Her mother is the subject of Ms. Golabek’s acclaimed book, The Children of Willesden Lane. The book, now in its 24th printing, has been translated and published in French, Italian, German, Hebrew, and Polish.
In 2012, Mona made her debut at the Los Angeles Geffen Playhouse in The Pianist of Willesden Lane, adapted from the book. The production, directed by Hershey Felder, has been acclaimed by critics and audiences across America, with recently sold-out theatrical runs in New York and London. Ms. Golabek has received Best Actress Nominations from the New York and Los Angeles Drama Critics Circle.
Ms. Golabek founded the Hold On To Your Music Foundation. With the help of the Milken Family Foundation, Facing History and Ourselves, and the Annenberg Foundation, she created educational resources for the book that have been adopted into school curricula across America and the globe. At year’s end, more than 500,000 students and families will have experienced the WILLESDEN READ – the educational mission, spearheaded by the non-profit, that is devoted to spreading the message of her mother’s story.
Tuesday on “City Lights with Lois Reitzes”
Oct 30, 2018
29:05: Pianist and author Mona Golabek discussed her book The Children of Willesden Lane with Lois. She tells the story of her mother being saved on the Kindertransport – a rescue effort in the months before the outbreak of World War II, in which the United Kingdom took nearly 10,000 Jewish children from Eastern Europe.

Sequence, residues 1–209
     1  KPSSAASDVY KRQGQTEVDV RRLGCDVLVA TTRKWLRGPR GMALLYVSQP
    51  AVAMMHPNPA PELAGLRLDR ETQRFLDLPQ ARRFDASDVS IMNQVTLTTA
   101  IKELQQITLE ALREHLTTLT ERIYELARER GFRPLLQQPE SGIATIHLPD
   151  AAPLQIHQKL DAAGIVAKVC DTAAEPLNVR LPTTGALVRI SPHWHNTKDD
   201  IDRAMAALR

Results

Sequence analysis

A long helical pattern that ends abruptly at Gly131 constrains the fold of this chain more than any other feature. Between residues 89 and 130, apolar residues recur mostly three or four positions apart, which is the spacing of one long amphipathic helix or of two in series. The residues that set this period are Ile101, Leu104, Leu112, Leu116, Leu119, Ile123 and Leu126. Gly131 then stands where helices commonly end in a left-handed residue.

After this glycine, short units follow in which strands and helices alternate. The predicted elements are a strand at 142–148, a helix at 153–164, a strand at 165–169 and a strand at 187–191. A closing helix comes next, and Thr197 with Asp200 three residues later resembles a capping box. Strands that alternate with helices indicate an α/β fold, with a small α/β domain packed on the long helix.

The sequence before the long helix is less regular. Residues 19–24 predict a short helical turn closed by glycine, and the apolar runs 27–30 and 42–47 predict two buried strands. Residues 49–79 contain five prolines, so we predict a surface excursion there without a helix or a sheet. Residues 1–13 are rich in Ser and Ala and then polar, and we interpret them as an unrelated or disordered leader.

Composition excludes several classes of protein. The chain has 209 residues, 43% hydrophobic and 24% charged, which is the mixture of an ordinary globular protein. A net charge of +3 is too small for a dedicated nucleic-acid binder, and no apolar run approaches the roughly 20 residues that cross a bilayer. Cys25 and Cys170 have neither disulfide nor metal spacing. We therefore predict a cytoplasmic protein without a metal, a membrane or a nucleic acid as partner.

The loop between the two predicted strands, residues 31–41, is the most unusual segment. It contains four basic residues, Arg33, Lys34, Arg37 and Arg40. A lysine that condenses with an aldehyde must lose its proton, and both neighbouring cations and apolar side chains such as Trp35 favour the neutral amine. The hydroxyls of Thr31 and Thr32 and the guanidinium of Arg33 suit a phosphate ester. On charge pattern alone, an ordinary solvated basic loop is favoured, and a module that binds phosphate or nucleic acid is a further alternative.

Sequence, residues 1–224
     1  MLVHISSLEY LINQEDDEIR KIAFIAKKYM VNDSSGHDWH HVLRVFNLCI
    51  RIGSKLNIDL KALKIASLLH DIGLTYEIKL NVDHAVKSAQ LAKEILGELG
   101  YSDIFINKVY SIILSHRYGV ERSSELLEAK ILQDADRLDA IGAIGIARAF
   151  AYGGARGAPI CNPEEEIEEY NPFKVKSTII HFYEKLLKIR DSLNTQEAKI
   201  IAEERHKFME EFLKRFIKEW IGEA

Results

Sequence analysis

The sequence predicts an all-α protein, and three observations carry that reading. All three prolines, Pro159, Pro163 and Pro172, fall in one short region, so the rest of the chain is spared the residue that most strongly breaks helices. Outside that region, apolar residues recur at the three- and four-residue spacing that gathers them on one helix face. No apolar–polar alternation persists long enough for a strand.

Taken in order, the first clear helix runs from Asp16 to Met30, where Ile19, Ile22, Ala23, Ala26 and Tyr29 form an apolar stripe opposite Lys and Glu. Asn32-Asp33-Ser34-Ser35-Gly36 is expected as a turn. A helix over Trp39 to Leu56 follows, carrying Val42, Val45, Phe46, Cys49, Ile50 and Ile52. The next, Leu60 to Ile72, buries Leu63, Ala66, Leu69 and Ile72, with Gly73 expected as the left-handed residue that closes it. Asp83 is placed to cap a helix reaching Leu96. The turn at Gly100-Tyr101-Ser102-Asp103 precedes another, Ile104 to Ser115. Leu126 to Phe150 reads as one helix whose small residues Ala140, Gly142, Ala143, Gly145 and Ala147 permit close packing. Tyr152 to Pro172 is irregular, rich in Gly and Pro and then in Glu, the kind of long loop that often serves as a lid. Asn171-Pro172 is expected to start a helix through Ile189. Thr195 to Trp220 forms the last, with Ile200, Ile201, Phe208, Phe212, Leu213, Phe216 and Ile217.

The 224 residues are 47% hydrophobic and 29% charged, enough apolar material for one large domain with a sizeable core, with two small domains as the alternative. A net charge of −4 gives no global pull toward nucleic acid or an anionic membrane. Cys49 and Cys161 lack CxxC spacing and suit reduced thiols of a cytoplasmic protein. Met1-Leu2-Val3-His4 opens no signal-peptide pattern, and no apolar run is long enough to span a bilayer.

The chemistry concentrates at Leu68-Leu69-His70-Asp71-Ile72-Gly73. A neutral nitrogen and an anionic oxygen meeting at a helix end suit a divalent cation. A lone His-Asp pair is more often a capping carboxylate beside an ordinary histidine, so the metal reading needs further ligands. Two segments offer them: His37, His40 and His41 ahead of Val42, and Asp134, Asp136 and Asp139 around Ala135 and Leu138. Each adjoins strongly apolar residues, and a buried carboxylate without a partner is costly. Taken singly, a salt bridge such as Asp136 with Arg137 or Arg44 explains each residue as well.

Stuart Eizenstat, a native of Atlanta and lifelong member of Ahavath Achim Synagogue, currently heads Covington & Burling’s international practice. He has practiced law more than 30 years in Atlanta and Washington.
Ambassador Eizenstat has held a number of key positions during his decades of government service. From 1977 to 1981, he was President Jimmy Carter’s Chief Domestic Policy Adviser and Executive Director of the White House Domestic Policy Staff. In the Clinton Administration, he was Deputy Treasury Secretary, Under Secretary of State for Economic, Business and Agricultural Affairs, and Under Secretary of Commerce for International Trade, as well as Ambassador to the European Union from 1993 to 1996. He received the highest departmental awards for his service from Secretary of State Christopher, Secretary of State Albright, and Secretary of the Treasury Summers.